Why does vowel clustering work so well? Vowel clustering works with the brain. Memorization works against the brain, regardless whether you are memorizing words from a word list or memorizing phonics rules. As Yoncheva, Wise, and McCandliss (2015) stated, “teaching-induced differences” can determine whether a child fails or succeeds in learning to read. Dr. Sally Shaywitz summarized the importance of using the correct teaching method by saying:
“In order to read, a child must ‘enter the language system;’ this means that the child must activate and use the brain circuits that are already in place for oral language…. tens of thousands of neurons carrying the phonological messages necessary for language… Connect to form the resonating networks that make skilled reading possible….” (Shaywitz, Overcoming Dyslexia, 2003, pp. 59-68).
So, how do we activate these brain circuits? By the way we teach letter-sound relationships. Neuroimaging research shows that phonics does not teach letter-sound relationships in the same way that the brain processes them. Phonics focuses on the letters; the brain focuses on sounds.
“Most people assume that words are stored in visual memory. Many teaching approaches presume this. We assume that if students see the words enough, they will learn them. This is not true. Children with reading problems often cannot remember new words, even after many exposures.” (David A. Kilpatrick in Equipped for Reading Success, pp. 29-30).
Kilpatrick explains that the brain does not recognize and store words through visual memory—seeing the same word over and over or “look-say.” Instead, the brain creates an oral filing system. The brain does not file words by letter. Neither whole language or phonics works with the brain’s oral filing system. Students who cannot memorize whole language word lists cannot memorize phonics rules, especially rules for irregular letter sounds. If we go back to a phonics approach, we will leave many students failing in reading when we have the scientific knowledge to teach every student to read. Struggling students need educators to move forward, to read and understand what scientists are saying, and to use new scientific methods to help struggling students learn to read.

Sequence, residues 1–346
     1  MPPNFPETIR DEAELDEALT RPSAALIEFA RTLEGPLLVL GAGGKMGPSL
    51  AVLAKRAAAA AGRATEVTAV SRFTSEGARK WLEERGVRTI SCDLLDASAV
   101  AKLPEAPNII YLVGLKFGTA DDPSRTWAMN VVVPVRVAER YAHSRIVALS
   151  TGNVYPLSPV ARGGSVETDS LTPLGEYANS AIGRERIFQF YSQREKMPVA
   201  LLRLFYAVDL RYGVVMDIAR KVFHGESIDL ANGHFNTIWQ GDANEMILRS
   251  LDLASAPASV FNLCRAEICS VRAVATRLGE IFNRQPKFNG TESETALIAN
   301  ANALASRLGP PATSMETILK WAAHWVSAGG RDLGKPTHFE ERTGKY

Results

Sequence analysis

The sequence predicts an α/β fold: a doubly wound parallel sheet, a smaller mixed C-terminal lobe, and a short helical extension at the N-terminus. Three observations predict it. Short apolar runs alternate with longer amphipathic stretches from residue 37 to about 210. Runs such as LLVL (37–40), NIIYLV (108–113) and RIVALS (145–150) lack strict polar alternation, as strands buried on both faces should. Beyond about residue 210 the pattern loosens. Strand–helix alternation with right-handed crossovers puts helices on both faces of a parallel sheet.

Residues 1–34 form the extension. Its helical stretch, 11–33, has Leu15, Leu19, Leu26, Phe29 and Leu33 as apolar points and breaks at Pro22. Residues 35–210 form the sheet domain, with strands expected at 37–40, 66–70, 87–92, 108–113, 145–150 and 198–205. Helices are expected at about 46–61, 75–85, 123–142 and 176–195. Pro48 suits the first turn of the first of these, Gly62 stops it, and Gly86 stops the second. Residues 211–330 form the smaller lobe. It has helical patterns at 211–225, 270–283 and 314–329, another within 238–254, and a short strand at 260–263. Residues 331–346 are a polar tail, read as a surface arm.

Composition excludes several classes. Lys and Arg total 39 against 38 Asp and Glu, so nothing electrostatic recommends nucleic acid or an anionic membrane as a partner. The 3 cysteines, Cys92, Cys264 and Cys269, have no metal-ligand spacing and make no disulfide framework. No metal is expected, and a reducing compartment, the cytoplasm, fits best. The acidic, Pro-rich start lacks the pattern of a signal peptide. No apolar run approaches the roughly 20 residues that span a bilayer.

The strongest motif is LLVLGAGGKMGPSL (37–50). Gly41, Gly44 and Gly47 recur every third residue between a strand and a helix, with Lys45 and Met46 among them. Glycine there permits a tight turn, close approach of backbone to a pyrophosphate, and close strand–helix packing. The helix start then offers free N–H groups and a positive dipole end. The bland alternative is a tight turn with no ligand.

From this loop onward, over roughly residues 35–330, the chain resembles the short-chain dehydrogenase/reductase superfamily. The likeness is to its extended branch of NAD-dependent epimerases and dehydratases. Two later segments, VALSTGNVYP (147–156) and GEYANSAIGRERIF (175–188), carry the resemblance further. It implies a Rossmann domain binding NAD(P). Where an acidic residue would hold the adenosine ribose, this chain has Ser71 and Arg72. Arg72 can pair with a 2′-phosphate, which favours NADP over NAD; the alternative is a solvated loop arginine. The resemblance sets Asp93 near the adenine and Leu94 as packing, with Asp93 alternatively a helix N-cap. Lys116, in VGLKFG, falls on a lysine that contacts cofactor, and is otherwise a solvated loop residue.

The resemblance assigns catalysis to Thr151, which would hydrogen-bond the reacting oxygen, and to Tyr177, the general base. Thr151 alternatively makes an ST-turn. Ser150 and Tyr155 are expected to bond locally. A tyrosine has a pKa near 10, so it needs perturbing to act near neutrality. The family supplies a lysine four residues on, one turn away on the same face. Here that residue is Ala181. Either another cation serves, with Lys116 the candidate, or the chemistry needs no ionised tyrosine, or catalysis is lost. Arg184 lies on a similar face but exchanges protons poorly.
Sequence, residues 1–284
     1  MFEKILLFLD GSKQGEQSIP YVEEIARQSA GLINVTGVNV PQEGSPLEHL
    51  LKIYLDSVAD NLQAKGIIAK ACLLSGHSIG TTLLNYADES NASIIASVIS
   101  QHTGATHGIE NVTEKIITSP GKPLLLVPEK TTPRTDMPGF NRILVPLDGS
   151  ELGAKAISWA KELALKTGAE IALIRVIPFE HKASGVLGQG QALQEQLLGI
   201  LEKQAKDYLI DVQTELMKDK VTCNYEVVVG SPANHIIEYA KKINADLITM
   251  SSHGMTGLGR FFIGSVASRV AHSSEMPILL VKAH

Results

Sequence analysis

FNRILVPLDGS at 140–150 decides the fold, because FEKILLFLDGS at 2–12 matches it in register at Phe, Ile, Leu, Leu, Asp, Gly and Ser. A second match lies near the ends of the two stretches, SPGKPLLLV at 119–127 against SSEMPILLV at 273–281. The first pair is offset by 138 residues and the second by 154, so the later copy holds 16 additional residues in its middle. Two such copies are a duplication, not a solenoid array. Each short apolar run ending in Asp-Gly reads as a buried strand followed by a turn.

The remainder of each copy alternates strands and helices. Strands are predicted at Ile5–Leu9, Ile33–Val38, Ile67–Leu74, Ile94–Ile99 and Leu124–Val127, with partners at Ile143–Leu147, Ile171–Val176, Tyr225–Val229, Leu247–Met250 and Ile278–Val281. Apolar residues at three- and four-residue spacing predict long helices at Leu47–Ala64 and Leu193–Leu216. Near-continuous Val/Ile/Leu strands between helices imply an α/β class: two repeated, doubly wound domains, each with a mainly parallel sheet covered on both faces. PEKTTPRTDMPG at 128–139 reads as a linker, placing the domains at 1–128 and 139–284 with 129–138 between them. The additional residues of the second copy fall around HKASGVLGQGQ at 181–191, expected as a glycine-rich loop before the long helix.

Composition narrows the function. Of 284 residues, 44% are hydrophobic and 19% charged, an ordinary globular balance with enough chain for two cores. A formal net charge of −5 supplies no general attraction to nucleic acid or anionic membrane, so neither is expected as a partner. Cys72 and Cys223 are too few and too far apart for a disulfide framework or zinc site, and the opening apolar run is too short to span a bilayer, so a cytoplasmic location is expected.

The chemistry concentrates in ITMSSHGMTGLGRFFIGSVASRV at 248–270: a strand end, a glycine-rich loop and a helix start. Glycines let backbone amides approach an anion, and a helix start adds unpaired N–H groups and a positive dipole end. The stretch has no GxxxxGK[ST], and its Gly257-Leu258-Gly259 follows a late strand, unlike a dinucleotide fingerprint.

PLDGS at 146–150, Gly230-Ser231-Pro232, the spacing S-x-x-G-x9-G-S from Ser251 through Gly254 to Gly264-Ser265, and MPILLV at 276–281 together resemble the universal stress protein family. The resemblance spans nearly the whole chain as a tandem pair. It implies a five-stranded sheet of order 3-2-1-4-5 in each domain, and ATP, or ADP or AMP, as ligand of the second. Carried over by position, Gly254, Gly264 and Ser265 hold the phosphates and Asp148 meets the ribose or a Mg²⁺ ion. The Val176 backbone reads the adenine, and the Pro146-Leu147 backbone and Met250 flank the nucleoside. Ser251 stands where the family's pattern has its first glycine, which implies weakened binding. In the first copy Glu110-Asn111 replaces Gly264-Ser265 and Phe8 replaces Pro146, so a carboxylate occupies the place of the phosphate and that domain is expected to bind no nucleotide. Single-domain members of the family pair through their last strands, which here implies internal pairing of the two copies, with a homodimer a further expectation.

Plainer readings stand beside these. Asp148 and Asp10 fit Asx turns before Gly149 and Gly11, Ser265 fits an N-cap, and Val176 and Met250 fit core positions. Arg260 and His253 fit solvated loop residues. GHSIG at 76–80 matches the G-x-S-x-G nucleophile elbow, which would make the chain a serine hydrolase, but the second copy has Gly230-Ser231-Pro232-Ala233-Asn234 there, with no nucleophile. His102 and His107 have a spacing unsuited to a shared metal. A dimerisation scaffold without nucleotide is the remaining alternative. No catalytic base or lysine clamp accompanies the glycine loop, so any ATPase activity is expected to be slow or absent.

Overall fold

Vowel clustering teaches letter sounds. At all of my reading clinics, I work with children in small groups, use the group-centered format that combines learning and counseling, and teach vowel clustering.
Vowel clustering begins with the lower-case alphabet. Vowel clustering teaches students to recognize that the letters of the alphabet represent sounds. Students are taught to sound words out letter by letter instead of guessing. Students must be able to identify both the capital letters and lowercase letters to be able to read. We read mostly lowercase letters, but schools often teach only the uppercase letters. The first step to teaching a student to read is to teach the lowercase alphabet: (1) to recognize each lowercase letter (and know the letter name), (2) to know the letter sound(s) for each lowercase letter, and (3) to be able to write the lowercase letters correctly using manuscript style paper and letter formation.